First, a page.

16 May 2008

Loss, keenly felt

[robert mondavi © Carolyn Tillie]The last time I saw Robert Mondavi, who passed away this morning at the age of 94, was at a restaurant in Boston about ten years ago, for some sort of celebratory event at which his wines were being poured. Even then, he was getting older. You could see it in his carriage, in his face. From a distance, he seemed to be shrinking in front of our eyes.

Anyway, on this occasion he was with his wife Margrit and Boston’s own culinary royalty, Julia Child. Margrit is even tinier than Robert, and though Julia obviously towered over both of them, by this point in her life her back was stooped with age, bringing her down to a somewhat normal height.

What struck me right away was that these three people – all at an age where a well-earned lifetime of rest by the pool should be appealing – all exuded a powerful, intense energy. When Mondavi looked at me, shook my hand, said a few words, I felt the force of his will. The same will that drove him to revolutionize American wine…not just from a qualitative standpoint, but also in the way it was marketed and sold. The energy flowing from this fairly slight man was, unmistakable, and seemingly undimmed by age. Up close, he seemed larger, stronger, more alive.

But my lasting memory of the evening came later. The Mondavis and Julia were seated together, and they were speaking a bit about each course and its wine pairing as it arrived from the kitchen. I believe we were about to move on to a chardonnay, but before Robert could get started, Margrit spoke up.

“I didn’t like that pairing at all.” I believe I saw the chef – one of Boston’s most celebrated – stick his head out from behind the kitchen door at that one. “It didn’t work.” Julia started laughing. If she had an opinion, she kept it to herself.

At first, Robert looked slightly startled. Then he smiled, and joked, “well, I guess we can’t blame the wine.”

Margrit shook her head. “Yes, Robert, I think we can. I think it was the fault of the wine.”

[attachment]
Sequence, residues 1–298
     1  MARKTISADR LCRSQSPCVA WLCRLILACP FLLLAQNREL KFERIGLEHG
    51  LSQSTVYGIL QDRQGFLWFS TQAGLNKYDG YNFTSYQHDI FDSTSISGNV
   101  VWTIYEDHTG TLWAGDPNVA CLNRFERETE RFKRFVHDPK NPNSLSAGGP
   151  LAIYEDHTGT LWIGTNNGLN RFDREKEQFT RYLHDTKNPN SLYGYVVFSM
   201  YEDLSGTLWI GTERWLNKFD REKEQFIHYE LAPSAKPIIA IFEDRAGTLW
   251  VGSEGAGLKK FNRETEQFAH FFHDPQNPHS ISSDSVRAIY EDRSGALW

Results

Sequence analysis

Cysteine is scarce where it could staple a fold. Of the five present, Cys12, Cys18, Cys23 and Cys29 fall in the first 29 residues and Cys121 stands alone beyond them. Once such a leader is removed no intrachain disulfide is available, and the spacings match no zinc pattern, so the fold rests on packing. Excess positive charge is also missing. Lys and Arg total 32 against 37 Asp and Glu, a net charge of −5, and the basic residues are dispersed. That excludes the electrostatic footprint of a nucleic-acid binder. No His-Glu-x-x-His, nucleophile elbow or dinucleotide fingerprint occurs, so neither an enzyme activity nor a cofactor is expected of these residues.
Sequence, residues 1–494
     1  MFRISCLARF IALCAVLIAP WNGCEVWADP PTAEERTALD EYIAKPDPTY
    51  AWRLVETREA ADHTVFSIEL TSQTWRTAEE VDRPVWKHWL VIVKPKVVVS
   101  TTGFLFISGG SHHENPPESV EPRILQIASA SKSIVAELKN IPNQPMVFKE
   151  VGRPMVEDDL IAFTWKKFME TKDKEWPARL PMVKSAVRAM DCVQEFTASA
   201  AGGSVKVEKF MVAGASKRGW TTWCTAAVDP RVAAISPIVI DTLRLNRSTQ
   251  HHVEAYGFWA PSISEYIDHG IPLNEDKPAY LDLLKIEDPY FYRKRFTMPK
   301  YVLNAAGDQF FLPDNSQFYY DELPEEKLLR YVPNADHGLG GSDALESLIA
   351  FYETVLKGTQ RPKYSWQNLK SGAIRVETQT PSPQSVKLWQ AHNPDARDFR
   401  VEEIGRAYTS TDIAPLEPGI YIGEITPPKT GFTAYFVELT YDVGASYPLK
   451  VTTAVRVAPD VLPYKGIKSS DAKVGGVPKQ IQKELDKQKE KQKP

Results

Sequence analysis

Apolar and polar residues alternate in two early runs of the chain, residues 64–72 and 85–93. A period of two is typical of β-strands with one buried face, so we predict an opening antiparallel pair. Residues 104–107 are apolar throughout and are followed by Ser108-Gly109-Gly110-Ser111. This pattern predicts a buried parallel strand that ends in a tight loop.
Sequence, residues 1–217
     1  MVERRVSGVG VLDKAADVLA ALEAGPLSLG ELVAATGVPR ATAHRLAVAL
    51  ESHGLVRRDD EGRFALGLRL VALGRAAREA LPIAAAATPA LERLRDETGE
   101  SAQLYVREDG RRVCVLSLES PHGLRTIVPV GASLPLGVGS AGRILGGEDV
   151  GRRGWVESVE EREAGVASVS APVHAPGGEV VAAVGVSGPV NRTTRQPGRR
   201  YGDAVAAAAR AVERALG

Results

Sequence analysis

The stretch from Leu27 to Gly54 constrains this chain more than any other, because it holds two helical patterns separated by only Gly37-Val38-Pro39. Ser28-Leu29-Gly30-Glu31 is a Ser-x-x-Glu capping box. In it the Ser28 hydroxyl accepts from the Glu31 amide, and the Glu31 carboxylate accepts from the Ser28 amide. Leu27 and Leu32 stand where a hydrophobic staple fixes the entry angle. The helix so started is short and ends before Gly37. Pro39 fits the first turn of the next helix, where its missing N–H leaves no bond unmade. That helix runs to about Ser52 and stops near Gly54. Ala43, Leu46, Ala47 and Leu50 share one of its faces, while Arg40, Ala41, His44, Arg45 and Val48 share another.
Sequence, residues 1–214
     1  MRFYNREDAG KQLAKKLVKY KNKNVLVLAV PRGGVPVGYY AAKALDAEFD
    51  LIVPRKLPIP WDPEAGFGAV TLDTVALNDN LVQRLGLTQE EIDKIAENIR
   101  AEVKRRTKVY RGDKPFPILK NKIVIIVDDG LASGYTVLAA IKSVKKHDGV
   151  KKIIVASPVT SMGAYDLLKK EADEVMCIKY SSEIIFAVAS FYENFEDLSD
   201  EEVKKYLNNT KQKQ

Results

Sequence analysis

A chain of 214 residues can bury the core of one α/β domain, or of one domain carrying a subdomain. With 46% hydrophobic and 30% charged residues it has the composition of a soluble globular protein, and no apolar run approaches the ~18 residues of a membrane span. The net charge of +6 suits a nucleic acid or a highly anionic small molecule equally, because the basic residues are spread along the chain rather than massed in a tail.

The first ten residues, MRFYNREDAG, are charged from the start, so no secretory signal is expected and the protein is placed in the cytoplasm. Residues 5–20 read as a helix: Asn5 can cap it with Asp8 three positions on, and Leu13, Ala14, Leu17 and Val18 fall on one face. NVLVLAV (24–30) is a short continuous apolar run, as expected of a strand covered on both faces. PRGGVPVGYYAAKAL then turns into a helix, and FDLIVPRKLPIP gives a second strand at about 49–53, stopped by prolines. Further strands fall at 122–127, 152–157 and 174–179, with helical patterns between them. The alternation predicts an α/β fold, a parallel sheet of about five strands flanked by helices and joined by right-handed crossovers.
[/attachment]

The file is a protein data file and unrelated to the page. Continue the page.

Robert turned to look at her, love and bemused admiration in his eyes. There was a silent pause while the rest of us waited. Would they continue their entertaining little disagreement? No. Clearing his throat, he simply moved on to his philosophy of chardonnay and its food pairings as if the exchange had never taken place. Always the tireless promoter.

And that, I think, was Mondavi in a nutshell. Passionate about his relationships (for good and, sometimes, for ill), but always…always…focused on his wine. There have been many who have done their part for America’ wine industry, but among all of them he reigns like a giant. And now, a fallen giant. We will all be the poorer for the loss of him.

5 comments:

Ken Sternberg said...

I remember being at the event, as well, Thor. I can't recall the specific conversation you cited, but it's quite illustrative of Mondavi.

I only wish the American wine industry were following his lead in more ways today.

thor iverson said...

It was hard to hear, and for all I know you were mid-conversation with someone else at the time. I had to ask the Mondavi rep what Margit said, but after that I paid close attention.

And on the latter point: absolutely.

Nancy Deprez said...

What a nice memory of him. I have never met him but I'm beginning to understand him better after hearing and reading all these wonderful things about him. He sounds very inspiring.

Ken Sternberg said...

Until the last, Mondavi seemed to be interested in wine, as opposed to units that could be stacked, shipped and leveraged for a profit.

Thankfully, there are a few (literally a handful of) people out there who seem to get it.

thor iverson said...

Nancy, I wish I'd known him better. Alas, too late now.

Ken, I think that's true, but unfortunately it might have been better had he paid a little more attention to the business, especially as he ceded control to his sons. I don't know if it would have saved the company, but it might have at least staved off the decline and takeover until after his death. I just think it's a shame that this dominant force in California wine passed away having lost control of his name.